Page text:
Monell Center Scientist Leads Development of New Cell Differentiation Technology

Contact: Ahmed Barakat,

Findings describe a more accessible, efficient method to make next-generation therapies targeting neurodegenerative disorders

PHILADELPHIA (December 23, 2022) – For the first time, scientists have demonstrated that human taste cells can be reprogrammed into neuron-like cells. The team, led by Hakan Ozdener, MD, PhD, of the Monell Chemical Senses Center, described a highly efficient method that induces this transformation. The aim of this research is to improve the future of treating neurodegenerative diseases using cell-based therapies.

“The ability to reprogram certain cell types into different cells has long been a goal of both translational and regenerative medicines,” said Ozdener. However, current cell reprogramming technologies are extremely limited and rely on tedious, multi-step processes.

Neuron-like cells, developed by reprogramming human taste cells, successfully demonstrated characteristics similar to those of actual neurons.

The recent paper, published in In Vitro Cellular & Developmental Biology – Animal, describes a simple method to collect and differentiate human taste cells into neuron-like cells within two to three weeks. The new method provides an accessible, efficient alternative to previously developed techniques of cell reprogramming.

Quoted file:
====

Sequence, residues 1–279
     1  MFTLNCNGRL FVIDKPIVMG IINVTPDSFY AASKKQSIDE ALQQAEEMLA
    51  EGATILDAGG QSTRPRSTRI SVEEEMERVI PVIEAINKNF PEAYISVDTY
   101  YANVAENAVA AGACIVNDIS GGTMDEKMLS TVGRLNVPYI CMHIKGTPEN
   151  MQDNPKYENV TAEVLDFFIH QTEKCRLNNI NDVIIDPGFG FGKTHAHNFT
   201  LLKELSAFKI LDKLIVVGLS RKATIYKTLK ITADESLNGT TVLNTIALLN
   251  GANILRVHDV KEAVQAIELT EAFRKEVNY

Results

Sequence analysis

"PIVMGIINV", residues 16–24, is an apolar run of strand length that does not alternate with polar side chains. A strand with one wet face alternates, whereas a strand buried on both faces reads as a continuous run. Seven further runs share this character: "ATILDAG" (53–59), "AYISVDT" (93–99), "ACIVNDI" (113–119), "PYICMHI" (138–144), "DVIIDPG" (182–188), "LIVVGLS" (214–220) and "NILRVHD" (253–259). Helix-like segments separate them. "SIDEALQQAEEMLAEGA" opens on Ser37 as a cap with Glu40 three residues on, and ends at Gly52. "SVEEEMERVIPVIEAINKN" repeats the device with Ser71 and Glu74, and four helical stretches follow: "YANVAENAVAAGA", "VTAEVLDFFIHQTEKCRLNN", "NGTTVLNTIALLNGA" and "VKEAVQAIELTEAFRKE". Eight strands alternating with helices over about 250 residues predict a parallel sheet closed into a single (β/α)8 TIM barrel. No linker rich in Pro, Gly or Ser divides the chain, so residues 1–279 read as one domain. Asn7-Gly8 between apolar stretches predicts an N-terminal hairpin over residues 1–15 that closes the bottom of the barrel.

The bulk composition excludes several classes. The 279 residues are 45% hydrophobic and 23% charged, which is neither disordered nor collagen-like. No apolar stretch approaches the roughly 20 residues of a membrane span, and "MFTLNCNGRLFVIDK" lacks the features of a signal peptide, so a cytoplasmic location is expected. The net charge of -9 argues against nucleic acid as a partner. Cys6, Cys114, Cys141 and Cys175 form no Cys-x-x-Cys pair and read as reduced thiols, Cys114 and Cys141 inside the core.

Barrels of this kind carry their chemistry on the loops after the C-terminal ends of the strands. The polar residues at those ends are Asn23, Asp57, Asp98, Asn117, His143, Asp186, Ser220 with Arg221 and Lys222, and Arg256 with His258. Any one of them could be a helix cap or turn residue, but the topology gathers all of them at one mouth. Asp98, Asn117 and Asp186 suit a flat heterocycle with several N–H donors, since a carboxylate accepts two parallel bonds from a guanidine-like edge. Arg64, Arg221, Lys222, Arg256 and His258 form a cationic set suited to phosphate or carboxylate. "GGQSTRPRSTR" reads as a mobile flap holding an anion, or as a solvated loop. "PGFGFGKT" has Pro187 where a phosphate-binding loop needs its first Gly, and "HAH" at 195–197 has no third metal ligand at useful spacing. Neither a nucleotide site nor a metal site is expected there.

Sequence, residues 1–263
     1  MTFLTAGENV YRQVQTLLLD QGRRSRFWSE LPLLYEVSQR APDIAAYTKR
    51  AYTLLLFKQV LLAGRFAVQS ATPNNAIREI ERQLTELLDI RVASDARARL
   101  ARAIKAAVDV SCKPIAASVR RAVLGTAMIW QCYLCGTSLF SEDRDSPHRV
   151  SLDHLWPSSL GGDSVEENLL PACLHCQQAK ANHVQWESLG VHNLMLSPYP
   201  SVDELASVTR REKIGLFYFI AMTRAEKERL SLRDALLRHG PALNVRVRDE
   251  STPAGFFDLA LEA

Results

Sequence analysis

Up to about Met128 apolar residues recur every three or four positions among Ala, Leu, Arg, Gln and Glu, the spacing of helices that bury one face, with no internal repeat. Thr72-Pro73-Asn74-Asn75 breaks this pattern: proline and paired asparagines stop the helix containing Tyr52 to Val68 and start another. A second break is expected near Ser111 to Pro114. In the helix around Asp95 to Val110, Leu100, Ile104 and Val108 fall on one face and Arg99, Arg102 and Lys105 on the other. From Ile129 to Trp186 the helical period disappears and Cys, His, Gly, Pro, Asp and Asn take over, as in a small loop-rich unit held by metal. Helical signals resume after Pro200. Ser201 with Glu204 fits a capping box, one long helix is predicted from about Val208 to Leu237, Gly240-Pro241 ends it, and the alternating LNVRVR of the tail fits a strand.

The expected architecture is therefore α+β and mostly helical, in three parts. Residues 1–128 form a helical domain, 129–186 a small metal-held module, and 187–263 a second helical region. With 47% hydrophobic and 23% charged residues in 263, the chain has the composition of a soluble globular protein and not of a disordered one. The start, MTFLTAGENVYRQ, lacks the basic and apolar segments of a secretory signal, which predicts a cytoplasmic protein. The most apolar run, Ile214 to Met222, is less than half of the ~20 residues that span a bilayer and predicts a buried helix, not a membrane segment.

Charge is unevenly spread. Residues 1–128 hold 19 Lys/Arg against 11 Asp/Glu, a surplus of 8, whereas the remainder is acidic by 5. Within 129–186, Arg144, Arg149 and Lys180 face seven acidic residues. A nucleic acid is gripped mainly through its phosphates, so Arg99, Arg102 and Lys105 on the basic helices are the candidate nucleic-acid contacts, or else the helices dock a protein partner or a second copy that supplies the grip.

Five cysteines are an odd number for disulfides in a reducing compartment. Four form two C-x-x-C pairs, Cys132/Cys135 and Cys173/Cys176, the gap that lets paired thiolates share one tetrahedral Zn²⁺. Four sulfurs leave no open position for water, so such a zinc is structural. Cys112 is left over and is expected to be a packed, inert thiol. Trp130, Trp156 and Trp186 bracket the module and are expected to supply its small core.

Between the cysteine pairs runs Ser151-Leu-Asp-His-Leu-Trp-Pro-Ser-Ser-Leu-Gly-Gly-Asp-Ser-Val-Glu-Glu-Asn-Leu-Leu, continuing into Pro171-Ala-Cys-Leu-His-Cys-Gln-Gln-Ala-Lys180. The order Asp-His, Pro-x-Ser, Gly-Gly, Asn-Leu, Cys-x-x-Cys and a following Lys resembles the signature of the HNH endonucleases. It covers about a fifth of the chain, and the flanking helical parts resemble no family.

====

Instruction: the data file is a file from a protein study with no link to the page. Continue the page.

By the end of the three-week period, the team had run several experiments to verify the new neural identity of the transformed cells. They implemented techniques that allowed them to investigate what proteins the cells developed, how the shape and size of the cells changed, and how the neuron-like cells functioned compared to actual neurons.

“What we found was extremely powerful,” said Ozdener. “The reprogrammed cells developed proteins that are specific to neurons, showed structures characteristic of the shape of neurons, and even demonstrated behaviors analogous to those of neurons.”

The team also tested the stability and longevity of the reprogrammed, neuron-like cells. These experiments provide robust evidence that the new cell reprogramming technique produced stable, neuron-like cells that retained their characteristic following the transformation.

Advancements in cell reprogramming, as described in this and many other studies, bring hope to physicians and patients alike. “With its efficiency and accessibility, this newly developed method will open up new avenues for cell therapy and the treatment of neurodegenerative disorders,” said Ozdener. “I am very excited about the potential for this technology to make a real difference towards the health and well-being of so many.”


The Monell Chemical Senses Center is an independent nonprofit basic research institute based in Philadelphia, Pennsylvania. Founded in 1968, Monell‘s mission is to improve health and wellbeing by advancing the scientific understanding of taste, smell, and related senses, where our discoveries lead to improving nutritional health, diagnosing and treating disease, addressing smell and taste loss, and digitizing chemosensory data.